Virginia Changemakers
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Rosa Dixon Bowser (1855 - 1931)

VWH 2001 Bowser.jpg




Educator and Civic Leader


Rosa L. Dixon (January 7, 1855– February 7, 1931) was born likely enslaved in Amelia County. Her family moved to Richmond after the Civil War. Educated in schools operated by the Freedmen's Bureau, she graduated from the Richmond Colored Normal School. In 1879, she married James Herndon Bowser, and had one son before her husband's death two years later.

Rosa Bowser taught school and became the supervisor of teachers at Baker School in 1884. She brought women in the community together and provided lessons in child rearing and housekeeping. She organized reading circles for teachers that helped lead to the establishment of the state's first professional educational association for African Americans. As president of the Virginia State Teachers Association, Bowser called for educational reforms and higher salaries for teachers. Concerned about the plight of girls and boys in difficult circumstances, she cofounded the Woman's Department of the Negro Reformatory Association of Virginia, which raised money for the Industrial Home School for Colored Girls and the Virginia Manual Labor School for Colored Boys, both in Hanover County.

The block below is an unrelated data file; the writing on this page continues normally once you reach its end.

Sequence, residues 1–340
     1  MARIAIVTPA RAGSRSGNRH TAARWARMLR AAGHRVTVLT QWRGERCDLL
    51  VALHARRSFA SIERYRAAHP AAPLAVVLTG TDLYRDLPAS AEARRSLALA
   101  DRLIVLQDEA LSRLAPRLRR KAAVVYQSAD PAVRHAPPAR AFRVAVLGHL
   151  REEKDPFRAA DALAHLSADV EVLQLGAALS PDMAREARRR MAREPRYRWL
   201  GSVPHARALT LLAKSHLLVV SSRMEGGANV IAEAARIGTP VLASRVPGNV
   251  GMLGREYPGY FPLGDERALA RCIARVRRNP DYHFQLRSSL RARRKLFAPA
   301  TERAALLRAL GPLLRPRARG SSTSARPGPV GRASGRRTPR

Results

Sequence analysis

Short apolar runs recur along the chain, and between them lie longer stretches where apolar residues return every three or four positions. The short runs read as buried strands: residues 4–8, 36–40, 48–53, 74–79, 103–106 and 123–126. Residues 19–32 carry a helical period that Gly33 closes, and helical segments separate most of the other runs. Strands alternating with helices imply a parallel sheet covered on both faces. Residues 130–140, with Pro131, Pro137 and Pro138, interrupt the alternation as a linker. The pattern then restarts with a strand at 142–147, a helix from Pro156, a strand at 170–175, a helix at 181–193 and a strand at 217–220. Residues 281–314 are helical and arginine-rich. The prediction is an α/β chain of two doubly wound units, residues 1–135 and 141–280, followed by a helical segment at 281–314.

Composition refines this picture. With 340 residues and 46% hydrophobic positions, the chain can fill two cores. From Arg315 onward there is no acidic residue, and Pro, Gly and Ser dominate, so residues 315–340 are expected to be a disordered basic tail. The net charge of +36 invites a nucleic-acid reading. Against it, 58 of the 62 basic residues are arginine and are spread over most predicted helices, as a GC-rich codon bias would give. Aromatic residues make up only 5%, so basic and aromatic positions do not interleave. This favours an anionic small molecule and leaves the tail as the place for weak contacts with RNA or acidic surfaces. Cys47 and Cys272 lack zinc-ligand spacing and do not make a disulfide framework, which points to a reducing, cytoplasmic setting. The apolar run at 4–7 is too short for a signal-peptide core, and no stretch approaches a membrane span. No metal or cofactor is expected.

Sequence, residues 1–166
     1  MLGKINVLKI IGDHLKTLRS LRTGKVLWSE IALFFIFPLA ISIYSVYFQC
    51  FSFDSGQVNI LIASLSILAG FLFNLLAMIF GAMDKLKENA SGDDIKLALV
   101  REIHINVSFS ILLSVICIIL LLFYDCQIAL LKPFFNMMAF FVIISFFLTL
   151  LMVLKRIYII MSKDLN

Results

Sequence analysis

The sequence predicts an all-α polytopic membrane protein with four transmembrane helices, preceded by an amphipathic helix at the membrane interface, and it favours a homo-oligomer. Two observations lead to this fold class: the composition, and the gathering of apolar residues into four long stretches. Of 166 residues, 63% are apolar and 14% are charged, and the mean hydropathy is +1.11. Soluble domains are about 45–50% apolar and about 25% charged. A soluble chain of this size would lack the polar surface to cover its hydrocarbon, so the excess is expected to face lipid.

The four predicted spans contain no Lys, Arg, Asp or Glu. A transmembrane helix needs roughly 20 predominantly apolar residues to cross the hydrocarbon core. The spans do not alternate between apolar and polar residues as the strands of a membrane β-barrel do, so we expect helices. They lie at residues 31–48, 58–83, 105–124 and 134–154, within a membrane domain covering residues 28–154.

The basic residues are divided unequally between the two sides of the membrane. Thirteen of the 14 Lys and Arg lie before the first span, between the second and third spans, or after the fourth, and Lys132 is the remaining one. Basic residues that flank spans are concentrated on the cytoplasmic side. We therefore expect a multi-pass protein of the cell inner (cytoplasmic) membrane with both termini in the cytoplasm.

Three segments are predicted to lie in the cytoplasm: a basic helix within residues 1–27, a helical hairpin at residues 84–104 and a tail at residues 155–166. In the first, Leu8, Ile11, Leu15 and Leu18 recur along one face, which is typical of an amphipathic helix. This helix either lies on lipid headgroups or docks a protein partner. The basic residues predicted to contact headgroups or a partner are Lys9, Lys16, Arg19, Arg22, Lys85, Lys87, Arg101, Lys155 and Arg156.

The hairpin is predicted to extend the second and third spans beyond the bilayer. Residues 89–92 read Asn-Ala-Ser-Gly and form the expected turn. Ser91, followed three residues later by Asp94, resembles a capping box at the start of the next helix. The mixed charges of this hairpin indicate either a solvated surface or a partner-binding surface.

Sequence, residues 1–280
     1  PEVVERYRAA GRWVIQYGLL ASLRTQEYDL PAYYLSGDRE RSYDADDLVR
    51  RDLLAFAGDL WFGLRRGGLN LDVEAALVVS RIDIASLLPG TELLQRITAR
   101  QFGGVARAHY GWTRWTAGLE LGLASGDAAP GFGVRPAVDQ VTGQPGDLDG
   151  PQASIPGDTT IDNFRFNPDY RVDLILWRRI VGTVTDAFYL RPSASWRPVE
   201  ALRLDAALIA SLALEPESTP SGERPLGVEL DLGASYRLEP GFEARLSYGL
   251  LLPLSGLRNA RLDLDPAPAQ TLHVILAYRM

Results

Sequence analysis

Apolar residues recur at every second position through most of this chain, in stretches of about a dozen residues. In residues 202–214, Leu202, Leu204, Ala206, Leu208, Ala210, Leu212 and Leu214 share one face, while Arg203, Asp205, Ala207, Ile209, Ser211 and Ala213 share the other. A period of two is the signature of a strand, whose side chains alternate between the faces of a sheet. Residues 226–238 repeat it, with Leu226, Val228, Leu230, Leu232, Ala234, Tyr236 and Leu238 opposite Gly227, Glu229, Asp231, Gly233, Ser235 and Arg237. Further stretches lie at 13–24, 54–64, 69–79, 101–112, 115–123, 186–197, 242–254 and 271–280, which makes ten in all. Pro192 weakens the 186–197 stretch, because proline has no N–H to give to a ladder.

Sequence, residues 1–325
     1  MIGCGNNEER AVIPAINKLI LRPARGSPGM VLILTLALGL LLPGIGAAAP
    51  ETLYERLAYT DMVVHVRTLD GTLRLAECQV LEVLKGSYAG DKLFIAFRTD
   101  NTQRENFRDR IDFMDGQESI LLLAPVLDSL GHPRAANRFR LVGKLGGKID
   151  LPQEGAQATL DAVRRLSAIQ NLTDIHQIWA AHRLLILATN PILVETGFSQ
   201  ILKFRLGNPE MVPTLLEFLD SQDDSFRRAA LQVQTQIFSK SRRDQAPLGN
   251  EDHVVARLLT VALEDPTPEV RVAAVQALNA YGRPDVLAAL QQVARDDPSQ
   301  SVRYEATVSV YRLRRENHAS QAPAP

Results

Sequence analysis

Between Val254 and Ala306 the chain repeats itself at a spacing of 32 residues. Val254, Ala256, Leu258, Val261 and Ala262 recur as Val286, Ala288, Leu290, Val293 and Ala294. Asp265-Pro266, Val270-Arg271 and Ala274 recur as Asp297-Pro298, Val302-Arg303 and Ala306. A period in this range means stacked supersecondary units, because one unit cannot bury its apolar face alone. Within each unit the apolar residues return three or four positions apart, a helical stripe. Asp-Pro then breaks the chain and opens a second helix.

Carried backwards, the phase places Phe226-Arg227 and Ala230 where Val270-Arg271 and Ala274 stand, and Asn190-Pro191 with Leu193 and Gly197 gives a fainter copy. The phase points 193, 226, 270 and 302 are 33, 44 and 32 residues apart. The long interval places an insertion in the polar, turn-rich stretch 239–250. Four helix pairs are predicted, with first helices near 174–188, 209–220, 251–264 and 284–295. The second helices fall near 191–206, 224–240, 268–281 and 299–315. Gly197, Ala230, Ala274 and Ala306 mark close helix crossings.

Active in the woman's club movement, Bowser founded the Richmond Woman's League in 1895 and participated in the creation of the National Association of Colored Women and of the Virginia State Federation of Colored Women's Clubs. Through them she advocated universal woman suffrage and fought against lynching and racial segregation.

In recognition of Bowser's many contributions, Richmond's first public library branch for African Americans was named in her honor.

2001 Virginia Women in History honoree, Virginia Foundation for Women and Delta Kappa Gamma Society International.

File Citation(s)

Image Courtesy of the Black History Museum and Cultural Center of Virginia.